September 20, 2017

GRAPEVINE, TX — A small randomized study intrigued observers here at the Heart Failure Society of America 2017 Scientific Meeting, even if it was mostly a wash for its primary end point, health-related quality-of-life scores in patients discharged after a heart-failure hospitalization.

But the intervention, regular home delivery of specially prepared, low-sodium, high-potassium meals for a month, seemed in the greatly underpowered trial to improve a composite score for symptoms and physical limitation and reduce both the risk of rehospitalization and number of hospitalization days.

The positive secondary findings fell short of significance in the trial, called Geriatric Out-of-Hospital Randomized Meal Trial in Heart Failure (GOURMET-HF), but support a "food-as-medicine" concept that assumes improved nutrition can have important physiologic effects, Dr Scott L Hummel (University of Michigan and VA Ann Arbor, MI) told | Medscape Cardiology.

It's often hard to secure funding for trials with special diets like this intervention, but "it's something we ought to formally study for the hard outcomes that payers care about and patients care about," he said.

The pilot GOURMET-HF study was aimed at showing the strategy's feasibility for sodium reduction in patients with a history of heart-failure hospitalization as a prelude to a larger randomized trial.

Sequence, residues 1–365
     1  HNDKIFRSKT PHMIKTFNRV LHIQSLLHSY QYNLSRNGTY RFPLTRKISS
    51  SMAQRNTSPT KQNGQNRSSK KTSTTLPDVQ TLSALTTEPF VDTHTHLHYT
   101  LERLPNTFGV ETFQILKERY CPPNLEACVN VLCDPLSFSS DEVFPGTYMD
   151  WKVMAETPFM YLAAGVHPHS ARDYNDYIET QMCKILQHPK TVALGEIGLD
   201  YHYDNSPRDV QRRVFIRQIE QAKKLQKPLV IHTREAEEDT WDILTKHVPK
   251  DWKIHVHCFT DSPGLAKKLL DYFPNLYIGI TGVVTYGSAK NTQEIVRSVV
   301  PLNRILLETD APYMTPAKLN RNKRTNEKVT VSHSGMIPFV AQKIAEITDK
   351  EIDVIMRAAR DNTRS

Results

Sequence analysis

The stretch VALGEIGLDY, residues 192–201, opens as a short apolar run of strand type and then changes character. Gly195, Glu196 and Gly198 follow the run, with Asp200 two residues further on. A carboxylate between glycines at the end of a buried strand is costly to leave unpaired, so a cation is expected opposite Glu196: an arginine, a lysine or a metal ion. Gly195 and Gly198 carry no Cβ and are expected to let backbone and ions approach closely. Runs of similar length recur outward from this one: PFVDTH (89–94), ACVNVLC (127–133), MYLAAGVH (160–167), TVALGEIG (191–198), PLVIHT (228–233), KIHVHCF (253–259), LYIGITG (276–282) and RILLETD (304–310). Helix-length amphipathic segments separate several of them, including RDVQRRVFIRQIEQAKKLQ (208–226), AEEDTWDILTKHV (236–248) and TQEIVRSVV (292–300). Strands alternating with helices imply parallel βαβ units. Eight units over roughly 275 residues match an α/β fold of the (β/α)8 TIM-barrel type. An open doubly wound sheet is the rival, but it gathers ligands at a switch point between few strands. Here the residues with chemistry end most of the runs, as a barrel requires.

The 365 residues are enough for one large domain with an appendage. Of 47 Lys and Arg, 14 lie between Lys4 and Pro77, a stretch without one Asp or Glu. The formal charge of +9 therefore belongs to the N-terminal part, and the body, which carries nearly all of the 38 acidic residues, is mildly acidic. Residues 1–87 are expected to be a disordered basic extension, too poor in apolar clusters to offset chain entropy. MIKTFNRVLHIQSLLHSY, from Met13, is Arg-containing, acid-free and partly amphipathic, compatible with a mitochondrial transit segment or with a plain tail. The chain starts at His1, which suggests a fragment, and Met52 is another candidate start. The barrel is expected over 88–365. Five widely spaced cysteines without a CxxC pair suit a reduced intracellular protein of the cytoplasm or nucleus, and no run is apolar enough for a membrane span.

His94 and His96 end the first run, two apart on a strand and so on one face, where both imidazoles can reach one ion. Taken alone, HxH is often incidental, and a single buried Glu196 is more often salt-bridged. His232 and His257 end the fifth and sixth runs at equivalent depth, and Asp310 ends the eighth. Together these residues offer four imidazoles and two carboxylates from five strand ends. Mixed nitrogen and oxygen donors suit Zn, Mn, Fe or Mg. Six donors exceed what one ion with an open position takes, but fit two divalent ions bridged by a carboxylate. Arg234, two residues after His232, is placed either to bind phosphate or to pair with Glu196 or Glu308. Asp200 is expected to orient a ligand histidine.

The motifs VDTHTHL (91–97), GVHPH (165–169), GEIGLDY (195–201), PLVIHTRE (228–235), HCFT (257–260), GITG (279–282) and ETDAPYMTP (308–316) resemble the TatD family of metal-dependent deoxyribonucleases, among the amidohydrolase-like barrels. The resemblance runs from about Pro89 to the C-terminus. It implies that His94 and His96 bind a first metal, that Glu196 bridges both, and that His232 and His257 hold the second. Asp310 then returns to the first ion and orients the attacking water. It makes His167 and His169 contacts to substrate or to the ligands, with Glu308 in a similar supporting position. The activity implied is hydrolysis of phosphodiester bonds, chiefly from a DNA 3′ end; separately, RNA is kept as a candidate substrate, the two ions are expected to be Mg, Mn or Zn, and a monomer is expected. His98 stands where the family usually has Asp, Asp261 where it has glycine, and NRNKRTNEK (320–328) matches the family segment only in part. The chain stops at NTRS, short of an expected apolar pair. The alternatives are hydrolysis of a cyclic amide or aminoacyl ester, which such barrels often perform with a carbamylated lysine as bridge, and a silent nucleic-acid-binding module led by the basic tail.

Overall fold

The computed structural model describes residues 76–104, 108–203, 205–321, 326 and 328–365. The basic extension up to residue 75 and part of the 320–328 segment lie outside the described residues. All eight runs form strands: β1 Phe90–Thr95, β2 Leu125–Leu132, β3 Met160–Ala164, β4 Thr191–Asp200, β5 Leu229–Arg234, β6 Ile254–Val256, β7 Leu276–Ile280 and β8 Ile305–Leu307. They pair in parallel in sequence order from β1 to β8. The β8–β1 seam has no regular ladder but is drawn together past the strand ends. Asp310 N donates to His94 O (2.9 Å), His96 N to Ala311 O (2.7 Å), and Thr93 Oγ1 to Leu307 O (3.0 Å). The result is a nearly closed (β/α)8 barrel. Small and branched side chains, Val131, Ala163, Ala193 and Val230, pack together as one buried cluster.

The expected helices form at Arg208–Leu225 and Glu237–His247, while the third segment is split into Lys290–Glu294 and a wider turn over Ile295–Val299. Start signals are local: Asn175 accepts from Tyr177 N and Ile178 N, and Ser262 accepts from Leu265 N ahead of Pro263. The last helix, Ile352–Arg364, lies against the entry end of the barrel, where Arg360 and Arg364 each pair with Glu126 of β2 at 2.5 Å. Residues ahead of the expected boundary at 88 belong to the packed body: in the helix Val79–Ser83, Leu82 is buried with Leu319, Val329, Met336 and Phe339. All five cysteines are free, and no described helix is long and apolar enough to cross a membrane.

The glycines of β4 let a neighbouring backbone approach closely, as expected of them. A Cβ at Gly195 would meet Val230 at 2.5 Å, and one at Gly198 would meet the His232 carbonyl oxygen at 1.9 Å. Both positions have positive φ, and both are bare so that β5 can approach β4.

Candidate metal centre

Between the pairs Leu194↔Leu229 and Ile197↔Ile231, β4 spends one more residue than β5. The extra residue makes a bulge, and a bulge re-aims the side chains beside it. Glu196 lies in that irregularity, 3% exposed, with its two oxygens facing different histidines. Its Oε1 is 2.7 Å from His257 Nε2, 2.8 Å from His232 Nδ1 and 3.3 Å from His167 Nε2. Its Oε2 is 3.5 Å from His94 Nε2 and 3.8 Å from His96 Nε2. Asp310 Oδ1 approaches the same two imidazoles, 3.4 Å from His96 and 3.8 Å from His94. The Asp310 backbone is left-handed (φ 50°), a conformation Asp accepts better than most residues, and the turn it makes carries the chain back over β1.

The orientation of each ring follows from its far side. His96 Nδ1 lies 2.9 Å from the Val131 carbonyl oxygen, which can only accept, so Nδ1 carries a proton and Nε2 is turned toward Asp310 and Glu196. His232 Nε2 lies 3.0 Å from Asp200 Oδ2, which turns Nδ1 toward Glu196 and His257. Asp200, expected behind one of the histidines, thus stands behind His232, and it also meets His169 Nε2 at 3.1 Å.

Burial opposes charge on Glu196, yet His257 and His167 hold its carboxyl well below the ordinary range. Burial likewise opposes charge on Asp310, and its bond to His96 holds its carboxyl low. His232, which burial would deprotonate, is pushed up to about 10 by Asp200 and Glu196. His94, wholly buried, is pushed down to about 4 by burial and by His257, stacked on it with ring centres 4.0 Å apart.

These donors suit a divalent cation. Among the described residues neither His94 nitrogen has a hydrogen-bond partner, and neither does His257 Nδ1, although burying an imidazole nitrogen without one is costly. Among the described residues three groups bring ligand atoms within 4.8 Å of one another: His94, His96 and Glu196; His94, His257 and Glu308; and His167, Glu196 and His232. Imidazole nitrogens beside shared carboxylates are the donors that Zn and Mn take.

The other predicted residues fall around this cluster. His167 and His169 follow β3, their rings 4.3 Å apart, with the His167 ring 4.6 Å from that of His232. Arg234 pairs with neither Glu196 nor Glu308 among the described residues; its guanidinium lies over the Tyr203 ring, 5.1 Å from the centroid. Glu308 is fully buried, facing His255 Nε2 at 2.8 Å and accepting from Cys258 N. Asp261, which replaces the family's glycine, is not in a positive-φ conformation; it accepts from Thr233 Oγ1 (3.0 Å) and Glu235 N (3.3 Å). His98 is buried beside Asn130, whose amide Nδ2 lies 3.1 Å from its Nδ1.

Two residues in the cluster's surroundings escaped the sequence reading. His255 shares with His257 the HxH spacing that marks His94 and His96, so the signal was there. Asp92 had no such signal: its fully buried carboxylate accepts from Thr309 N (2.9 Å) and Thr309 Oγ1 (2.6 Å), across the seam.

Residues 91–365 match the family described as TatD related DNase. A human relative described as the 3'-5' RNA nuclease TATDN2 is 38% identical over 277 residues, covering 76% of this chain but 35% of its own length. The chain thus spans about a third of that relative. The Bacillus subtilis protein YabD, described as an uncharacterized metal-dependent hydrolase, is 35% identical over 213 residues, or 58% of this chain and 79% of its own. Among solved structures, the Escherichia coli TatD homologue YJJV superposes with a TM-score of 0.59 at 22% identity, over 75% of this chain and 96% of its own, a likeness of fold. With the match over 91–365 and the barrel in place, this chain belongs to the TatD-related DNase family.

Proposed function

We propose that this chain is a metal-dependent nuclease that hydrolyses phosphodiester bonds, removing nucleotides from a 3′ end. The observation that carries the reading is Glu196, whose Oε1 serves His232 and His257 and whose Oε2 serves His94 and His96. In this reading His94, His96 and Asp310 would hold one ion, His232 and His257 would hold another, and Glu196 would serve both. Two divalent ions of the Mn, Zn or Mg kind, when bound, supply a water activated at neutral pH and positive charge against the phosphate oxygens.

Restriction of sodium is a cornerstone of traditional dietary recommendations for patients with heart failure, but some studies in both chronic and acute decompensated heart failure (ADHF) have associated it with malnutrition, Hummel said. Sodium restriction correlates highly with calorie restriction, he explained.

At baseline in the trial, patients who reported they were on a low-sodium diet tended to have micronutrient deficiencies and were consuming "fewer calories than you'd expect they'd need for their daily activities, even being sedentary," he said.

In an interview, Dr Lynn Warner Stevenson (Brigham and Women's Hospital, Boston, MA) agreed. When patients are told by their physicians to eat a low-sodium diet, "often they just quit eating. It's a question of maintaining a low-sodium diet but also maintaining nutrition."

Given GOURMET-HF, "Hopefully we can get both of them at the same time," she said. "I think it's particularly good for the elderly, that's why I'm excited about it."

Stevenson also said the results are "encouraging for feasibility and the opportunity to have fewer heart-failure readmissions."

Two Potassium-Intake Levels

The trial randomized 66 patients aged at least 55 discharged from a hospitalization for ADHF, excluding those with high potassium levels or low glomerular filtration rate (GFR), at three major centers. Half were assigned to usual care and half to usual care plus once-weekly home delivery of the prepackaged meals, which were compatible with the sodium-restricted Dietary Approaches to Stop Hypertension (DASH-SRD) diet.

The GOURMET-HF version of the DASH diet called for the meals to provide no more than 1500-mg sodium and 4500-mg potassium per day, the latter reduced to 3000 mg/day in patients at risk for hyperkalemia such as those with renal insufficiency or treatment with potassium-sparing diuretics or aldosterone antagonists.

They stayed on the diet for 4 weeks and were followed for a total of 12 weeks for the primary end point of Kansas City Cardiomyopathy Questionnaire (KCCQ) summary score for health-related quality of life.